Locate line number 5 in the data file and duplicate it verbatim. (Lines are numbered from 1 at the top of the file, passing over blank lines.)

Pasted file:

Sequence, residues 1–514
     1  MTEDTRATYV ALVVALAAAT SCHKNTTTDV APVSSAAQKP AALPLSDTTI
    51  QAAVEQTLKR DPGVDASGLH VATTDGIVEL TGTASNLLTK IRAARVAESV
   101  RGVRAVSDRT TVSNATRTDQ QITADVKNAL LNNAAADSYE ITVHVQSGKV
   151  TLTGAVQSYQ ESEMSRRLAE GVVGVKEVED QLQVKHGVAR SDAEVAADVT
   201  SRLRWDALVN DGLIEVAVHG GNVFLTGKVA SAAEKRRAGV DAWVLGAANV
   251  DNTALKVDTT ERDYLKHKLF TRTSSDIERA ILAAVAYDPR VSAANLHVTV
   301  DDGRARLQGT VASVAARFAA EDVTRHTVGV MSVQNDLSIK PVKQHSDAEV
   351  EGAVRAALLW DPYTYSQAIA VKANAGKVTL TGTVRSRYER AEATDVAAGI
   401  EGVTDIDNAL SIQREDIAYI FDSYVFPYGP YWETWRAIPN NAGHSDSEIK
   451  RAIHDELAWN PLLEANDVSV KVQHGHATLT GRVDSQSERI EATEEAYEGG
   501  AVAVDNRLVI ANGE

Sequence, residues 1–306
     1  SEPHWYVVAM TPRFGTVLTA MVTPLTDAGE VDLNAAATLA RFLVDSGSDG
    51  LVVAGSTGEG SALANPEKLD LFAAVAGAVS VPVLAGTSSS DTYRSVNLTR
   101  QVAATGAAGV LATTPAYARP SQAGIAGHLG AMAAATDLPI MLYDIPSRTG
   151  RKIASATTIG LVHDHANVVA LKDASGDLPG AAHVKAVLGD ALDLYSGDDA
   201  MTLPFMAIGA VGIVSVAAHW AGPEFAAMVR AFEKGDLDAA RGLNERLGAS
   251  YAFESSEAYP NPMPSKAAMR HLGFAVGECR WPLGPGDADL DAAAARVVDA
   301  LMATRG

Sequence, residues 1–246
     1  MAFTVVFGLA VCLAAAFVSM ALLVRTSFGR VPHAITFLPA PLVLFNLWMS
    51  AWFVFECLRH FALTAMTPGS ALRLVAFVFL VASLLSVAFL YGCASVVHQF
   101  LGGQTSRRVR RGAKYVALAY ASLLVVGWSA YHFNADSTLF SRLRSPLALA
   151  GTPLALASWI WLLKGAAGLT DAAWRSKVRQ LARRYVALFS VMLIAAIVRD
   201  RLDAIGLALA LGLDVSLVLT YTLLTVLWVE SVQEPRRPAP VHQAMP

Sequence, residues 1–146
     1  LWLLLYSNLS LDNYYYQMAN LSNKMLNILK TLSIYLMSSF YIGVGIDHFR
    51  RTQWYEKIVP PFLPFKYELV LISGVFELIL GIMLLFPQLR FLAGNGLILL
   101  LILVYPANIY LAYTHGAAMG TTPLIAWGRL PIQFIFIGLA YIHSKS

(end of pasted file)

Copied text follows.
   151  TLTGAVQSYQ ESEMSRRLAE GVVGVKEVED QLQVKHGVAR SDAEVAADVT